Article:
Happy 2019! It’s a new year, ripe with potential to become better versions of ourselves and create the lives that we desire. What’s on your 2019 to-do list? Whether you made a dozen resolutions or none at all, it’s never too late (or too early) to start soaking in your own goodness, and letting in some extra light.
That’s why I created The Little Book of Self-Love, and I’m so excited to share it with you! It’s your ultimate guide to treating yourself with tenderness and kindness, and watching the ripples of your affection spread.
Tucked within its pages, you’ll find what it means to love yourself fully (and what it doesn’t mean), how to practice radical acts of self-love, and more! I hope it encourages you to examine how you treat yourself and begin living from a place of inner abundance and outer compassion.
Purchase your copy for just $3 by clicking Read More below!
Please note preview image quality does not reflect quality when purchased and downloaded as a PDF.
A couple of years ago, I began the tradition of noting what I’m grateful for each day during the month of December. Since then, I’ve tried to make a more regular habit of my gratitude practice, incorporating it into my daily life and weekly reflections. Numerous studies have documented the benefits of paying closer attention to what we’re thankful for (and not just during the holiday season!) This month, I invite you to join me by tracking what you’re grateful for each day. It needn’t be anything elaborate — in fact, it’s often the simplest moments that can bring us the most joy. When we seek ways to show our appreciation, we find them. Invite your family and friends to join you and use it as an opportunity to share the bounty of blessings you encounter. Perhaps you want to take it a step further and spread the ripples of joy by challenging yourself to do a random act of kindness each day or gift your time and talents to those you love. Whatever fills your heart to the brim this holiday season, find time to soak it in and share it. Here are some more ideas to get your gratitude juices flowing!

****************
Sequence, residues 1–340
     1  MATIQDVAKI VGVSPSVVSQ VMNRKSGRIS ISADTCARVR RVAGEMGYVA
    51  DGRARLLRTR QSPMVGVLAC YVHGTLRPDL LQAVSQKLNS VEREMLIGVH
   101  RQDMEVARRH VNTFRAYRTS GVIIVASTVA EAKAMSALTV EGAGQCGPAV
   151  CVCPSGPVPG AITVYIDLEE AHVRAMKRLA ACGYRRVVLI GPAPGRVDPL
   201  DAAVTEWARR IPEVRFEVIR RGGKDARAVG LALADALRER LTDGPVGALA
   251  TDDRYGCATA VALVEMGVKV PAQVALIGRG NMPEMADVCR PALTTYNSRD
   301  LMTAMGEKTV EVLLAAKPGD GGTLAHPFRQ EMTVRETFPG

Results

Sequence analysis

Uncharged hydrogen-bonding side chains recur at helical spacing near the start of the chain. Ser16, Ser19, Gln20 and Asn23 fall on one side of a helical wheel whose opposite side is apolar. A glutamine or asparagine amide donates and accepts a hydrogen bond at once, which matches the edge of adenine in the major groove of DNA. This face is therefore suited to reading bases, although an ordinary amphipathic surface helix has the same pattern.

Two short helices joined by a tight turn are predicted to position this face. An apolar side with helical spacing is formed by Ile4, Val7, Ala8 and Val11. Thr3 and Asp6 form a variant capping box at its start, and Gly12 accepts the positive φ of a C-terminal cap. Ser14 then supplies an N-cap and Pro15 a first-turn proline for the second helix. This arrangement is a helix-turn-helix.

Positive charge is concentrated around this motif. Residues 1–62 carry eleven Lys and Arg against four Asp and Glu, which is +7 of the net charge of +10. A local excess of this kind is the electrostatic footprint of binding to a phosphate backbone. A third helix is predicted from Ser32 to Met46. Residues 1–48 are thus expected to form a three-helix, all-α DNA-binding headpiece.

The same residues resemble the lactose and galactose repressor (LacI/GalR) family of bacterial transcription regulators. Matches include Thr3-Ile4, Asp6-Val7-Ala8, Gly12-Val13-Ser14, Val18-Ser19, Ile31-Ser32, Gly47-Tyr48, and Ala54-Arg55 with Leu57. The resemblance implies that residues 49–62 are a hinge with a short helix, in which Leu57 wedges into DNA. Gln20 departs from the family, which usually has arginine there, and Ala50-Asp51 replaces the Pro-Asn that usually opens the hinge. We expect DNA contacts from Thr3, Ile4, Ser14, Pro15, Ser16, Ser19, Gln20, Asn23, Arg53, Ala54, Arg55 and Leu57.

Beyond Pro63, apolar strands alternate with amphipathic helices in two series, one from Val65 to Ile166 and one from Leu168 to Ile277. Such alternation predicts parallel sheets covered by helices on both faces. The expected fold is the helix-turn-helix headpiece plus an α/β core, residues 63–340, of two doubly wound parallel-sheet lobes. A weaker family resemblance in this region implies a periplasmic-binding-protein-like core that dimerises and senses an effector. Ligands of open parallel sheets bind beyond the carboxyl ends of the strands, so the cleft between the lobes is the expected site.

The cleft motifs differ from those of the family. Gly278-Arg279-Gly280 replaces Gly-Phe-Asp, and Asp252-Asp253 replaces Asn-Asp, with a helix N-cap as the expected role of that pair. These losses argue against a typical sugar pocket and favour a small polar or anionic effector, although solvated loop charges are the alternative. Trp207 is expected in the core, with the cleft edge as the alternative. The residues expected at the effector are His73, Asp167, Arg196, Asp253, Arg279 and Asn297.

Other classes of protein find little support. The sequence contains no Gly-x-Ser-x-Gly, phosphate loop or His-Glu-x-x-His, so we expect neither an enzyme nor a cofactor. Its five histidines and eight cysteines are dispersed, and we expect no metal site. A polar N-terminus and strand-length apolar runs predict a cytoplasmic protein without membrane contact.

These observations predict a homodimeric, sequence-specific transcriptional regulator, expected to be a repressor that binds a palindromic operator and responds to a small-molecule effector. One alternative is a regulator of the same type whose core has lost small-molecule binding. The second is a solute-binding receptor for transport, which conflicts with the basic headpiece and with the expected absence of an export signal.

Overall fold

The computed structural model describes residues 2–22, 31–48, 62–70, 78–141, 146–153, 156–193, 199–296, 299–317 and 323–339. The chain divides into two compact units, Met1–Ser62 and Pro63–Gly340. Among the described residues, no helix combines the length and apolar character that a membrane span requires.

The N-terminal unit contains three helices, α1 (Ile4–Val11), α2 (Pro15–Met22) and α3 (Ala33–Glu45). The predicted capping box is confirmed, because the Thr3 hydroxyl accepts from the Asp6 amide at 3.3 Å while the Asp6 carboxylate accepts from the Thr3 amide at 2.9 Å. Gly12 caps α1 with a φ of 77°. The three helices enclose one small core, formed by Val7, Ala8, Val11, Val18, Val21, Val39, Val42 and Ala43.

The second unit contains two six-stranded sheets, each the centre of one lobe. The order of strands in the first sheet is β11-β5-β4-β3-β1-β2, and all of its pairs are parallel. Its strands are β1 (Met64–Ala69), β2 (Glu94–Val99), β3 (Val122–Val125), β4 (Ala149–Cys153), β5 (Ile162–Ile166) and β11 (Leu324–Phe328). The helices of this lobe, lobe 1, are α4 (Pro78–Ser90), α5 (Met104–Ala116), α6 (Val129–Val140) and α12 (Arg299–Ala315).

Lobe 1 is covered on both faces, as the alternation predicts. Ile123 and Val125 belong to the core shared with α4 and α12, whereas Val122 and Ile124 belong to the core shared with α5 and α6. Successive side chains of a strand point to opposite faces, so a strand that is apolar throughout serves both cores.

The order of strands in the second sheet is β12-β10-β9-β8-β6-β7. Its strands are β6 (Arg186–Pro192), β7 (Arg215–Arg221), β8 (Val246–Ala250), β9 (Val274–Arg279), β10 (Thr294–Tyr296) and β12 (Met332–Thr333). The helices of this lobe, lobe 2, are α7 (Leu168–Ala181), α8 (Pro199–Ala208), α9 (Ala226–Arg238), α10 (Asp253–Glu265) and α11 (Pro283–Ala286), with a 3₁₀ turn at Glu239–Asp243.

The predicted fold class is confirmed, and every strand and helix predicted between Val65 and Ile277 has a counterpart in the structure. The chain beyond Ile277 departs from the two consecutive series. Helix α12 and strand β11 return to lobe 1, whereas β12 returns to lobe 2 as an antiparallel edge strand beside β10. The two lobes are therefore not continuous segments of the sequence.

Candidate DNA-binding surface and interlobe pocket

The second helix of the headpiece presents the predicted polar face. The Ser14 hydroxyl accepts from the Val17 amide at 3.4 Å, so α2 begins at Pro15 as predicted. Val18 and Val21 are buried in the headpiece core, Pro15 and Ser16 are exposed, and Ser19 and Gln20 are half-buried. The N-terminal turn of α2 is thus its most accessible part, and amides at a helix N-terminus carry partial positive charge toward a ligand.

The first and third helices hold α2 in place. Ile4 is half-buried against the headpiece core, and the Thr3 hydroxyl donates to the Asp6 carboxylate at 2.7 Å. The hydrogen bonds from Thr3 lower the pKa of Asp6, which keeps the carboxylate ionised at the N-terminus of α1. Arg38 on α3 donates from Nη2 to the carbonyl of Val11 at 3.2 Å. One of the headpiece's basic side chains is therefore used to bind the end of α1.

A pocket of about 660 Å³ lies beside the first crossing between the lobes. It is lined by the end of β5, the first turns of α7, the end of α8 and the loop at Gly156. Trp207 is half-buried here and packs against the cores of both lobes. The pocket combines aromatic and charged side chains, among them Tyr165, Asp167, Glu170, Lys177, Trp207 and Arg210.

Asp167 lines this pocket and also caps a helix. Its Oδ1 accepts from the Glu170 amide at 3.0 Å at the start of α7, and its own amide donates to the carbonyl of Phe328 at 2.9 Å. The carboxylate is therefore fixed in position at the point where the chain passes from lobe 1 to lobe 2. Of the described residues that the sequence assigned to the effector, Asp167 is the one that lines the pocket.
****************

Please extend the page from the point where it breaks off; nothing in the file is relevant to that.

Take a snapshot of what you’re grateful for each day.
Write a letter to someone who’s inspired you and tell them how they’ve shaped your life.
Say thank you to someone whose invisible efforts often go unnoticed.
Reflect on 5 things you’re grateful for each day, 4 things you’re grateful for each week, 3 things you’re grateful for each month, 2 things you’re grateful for this past year, and 1 thing you’re grateful for right now.
Start a gratitude jar. Write down something you’re grateful for each day on a small slip of paper, fold it up, and stick it in your jar. When the jar is full, empty it out and remind yourself of all the reasons you have to be thankful. (This is a great project for the New Year!)
As the cooler months approach, I find myself seeking out cozy indulgences more and more: hot baths, warm blankets, fresh soups, new reads, soft scarves. Building my winter nest gives me a greater appreciation for this time of year as I gradually grow accustomed to the shortened daylight hours and bitter cold evenings.
The winter season evokes a sense of non-urgency that strongly contrasts with the frenzy ushered in by the holidays that accompany it. On the one hand, we freely give into the lethargy that has become synonymous with this time of year while on the other, we fight to resist the rushing around and familiar pressures it brings.
Where do we find a balance?
In between cookie exchanges and ugly sweater parties, New Year’s countdowns and flight delays, we have the chance to slow down: to examine our daily routines and start experimenting with the changes we’ve long thought about making but not yet enacted.
Don’t judge each day by the harvest you reap but by the seeds that you plant. – Robert Louis Stevenson
It’s natural to judge our lives by what we gain from them. Many of us rate our level of success on our accomplishments: procuring a stable job, buying a home, or starting a family to name but a few. We may rely on even simpler victories to measure how we’re faring: getting out the door on time, working out each day, and keeping our living space tidy.
Early on we’re taught to pursue a life of fulfillment. For some of us this may be through the cultivation of meaningful relationships or the engagement of a much-loved hobby. For others, fulfillment is sought through elevated social status, material wealth, or workplace promotions.